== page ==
John Anderton was of course the notoriously unhinged Chief Constable who had a bee in his bonnet about ‘immorality’, hated prostitutes so much that some of his own officers speculated that he might have been the person carrying out the murders for which Peter Sutcliffe was later convicted, stated that people who contracted AIDS were ‘swirling in a human cesspit of their own making’ and maintained that he was a prophet. Anderton was famous for stating that he would ‘clean up’ Manchester, especially in terms of porn, sex work and police corruption. An account of Anderton’s colleagues and their relationships with the paedophiles’ friends can be found in my post ‘Top Of The Cops’ and ‘A Stalker’s Network’.

Carman will have known a few other people as well as Anderton. In previous posts, I speculated that Carman will have known about the North Wales Paedophile Ring and may have even known some of the paedophiles’ friends from the north Wales/Cheshire ring as a result of his boozing and clubbing with bent police officers, gangsters and journos in Manchester. Dominic’s book mentions some of the locations at which Carman lived – Carman lived in Wilmslow and Altrincham. Those areas covered the location of the Cheshire paedophile ring and were not a million miles away from Chester, the constituency of Sir Peter Morrison the MP who was abusing boys in care in north Wales. Carman will also have found out a great deal by being marooned working in Altrincham County Court – although he’ll have known a great deal anyway, because before and after that his duties as a barrister took him to Courts in Cheshire. John Stalker, the Greater Manchester Police Officer featured in my posts ‘Top Of The Cops’ and ‘A Stalker’s Network’, also lived in Cheshire – as did great swathes of the professional classes who worked in Manchester.

Carman didn’t move to London until 1980, but he was already very well-networked by the time that he acted for Thorpe.

Carman read law at Balliol College, Oxford. Whilst there he was friends with Dick Taverne (who later became a Labour MP, but then defected to the SDP – he is now in the Lords). Patrick Mayhew read law with him – the Patrick Mayhew who later was the legal assessor for the GMC when Dr Morris Fraser was allowed to continue working as a psychiatrist despite convictions for paedophilia, the Patrick Mayhew who in his capacity as Attorney General authorised contempt of Court proceedings against me on the basis of Dr Tony Francis’s (Dr X’s) perjury, after I alleged that serious abuses were happening in the north Wales psychiatric services. Carman also knew barrister Stanley Brodie at Oxford and shared a room with George Carver, who later became Deputy Director of the CIA. He knew Sir Robin Day – who was also big mates with Sir Ronnie Waterhouse – and William Rees-Mogg. Carman was also friends with Vivian Price – who was the best man at Carman’s first wedding – and later became one of Carman’s clients as well. Oh – and Carman was friends with a man called Jeremy Thorpe. Nicolas Browne-Wilkinson who later became a Lord Justice of Appeal was at Oxford with Carman.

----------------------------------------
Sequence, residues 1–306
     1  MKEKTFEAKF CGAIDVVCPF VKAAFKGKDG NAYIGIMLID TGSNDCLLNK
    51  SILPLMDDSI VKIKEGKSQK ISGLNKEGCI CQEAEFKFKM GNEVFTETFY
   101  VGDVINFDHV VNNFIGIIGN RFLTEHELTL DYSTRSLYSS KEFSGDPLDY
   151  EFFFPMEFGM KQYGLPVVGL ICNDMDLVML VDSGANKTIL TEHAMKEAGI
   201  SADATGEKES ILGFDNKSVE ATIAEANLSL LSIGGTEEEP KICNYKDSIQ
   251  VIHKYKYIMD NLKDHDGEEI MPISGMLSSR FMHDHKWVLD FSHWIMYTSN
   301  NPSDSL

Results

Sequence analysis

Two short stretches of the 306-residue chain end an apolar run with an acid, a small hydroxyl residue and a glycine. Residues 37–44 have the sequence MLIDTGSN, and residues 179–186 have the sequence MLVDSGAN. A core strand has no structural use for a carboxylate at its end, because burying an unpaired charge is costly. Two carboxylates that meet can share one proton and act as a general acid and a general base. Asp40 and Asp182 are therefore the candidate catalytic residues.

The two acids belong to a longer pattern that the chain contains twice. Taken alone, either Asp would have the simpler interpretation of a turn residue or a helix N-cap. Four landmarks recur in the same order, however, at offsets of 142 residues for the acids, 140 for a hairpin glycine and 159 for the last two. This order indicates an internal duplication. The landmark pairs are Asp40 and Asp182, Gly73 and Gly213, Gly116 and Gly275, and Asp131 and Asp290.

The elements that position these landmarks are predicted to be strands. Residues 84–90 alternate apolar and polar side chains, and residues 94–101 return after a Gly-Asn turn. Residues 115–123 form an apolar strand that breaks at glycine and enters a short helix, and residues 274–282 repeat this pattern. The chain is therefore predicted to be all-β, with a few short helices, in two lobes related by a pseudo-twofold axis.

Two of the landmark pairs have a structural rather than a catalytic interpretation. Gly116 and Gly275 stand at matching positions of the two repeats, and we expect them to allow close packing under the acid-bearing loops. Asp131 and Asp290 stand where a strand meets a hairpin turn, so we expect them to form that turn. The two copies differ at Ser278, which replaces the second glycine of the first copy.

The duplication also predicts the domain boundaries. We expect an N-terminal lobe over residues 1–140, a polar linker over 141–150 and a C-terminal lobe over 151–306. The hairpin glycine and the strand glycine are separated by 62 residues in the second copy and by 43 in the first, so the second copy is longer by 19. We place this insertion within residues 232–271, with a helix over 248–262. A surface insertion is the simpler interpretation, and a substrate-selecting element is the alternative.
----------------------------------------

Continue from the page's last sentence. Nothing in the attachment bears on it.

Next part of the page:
After graduation, Carman spent a short time in London and worked as a libel reader for the News of the World. He tried his hand at business – he set a girl up as a masseuse in a flat in Great Portland Street (the GMC offices are in Great Portland Street), but the girl disappeared after she was faced with a client who expected rather more than a massage. Carman had paid rent on the flat in advance, so was left out of pocket.

Carman looked for a pupillage in London and used the connections of his former tutor at Balliol to do this. He was taken on as the pupil of Neil Lawson who later became Chairman of the Law Commission and a High Court judge.

However Carman discovered that he was far too poor to afford to continue with a pupillage in London – particularly in those days, one really needed a private income to sustain oneself as a pupil barrister – and he returned to Blackpool (by now his mother was dying). Carman took up a pupillage in Manchester with Godfrey Heilpern – who acted for Myra Hindley in her 1966 trial. Readers may remember how many of the corrupt lawyers on the Chester and Wales Circuit who assisted the paedophiles’ friends were involved in that trial – Heilpern will have known all of them, including Ronnie Waterhouse. Joseph Cantley was working in chambers in Manchester at this time – Cantley later presided over the trial of Jeremy Thorpe – as was Fenton Atkinson, who presided over the trial of Myra Hindley and Ian Brady. Carman became friendly with Sir Basil Nield, a Recorder of Manchester and was also popular with Sir Robertson Crichton, who was a Recorder of Manchester. Carman was mates with solicitor John Budd and was also admired by Gerald (Lord) Gardiner, Leonard Kaplan, Robert McCrindle and Jack Nahum QC.

Carman’s first wife was the daughter of a local Tory grandee. Carman was persuaded to put himself forward as a Parliamentary candidate and he got as far as being shortlisted for Salford for the Tories. (Whilst Carman was at Oxford his tutor Richard Crossman – who held a series of Ministerial posts in Harold Wilson’s Gov’t – had asked him to consider standing for Parliament.)

Between 1966-71 Carman worked on a great many personal injury cases. These frequently involved industrial injury and Carman was often instructed by the trade union solicitors Thompsons. Thompsons were brothers Brian and Robin, two champagne socialists from Hampstead with close links to trade union leaders. Nic Carter, who set up the Thompsons Manchester office, socialised with Carman.

Carman had begun to land High Court work in London whilst he was still in Manchester. He was helped by John Gorna, a well connected solicitor who was described by his daughter as a member of the ‘Catholic mafia’. Gorna was godfather to Dominic Carman.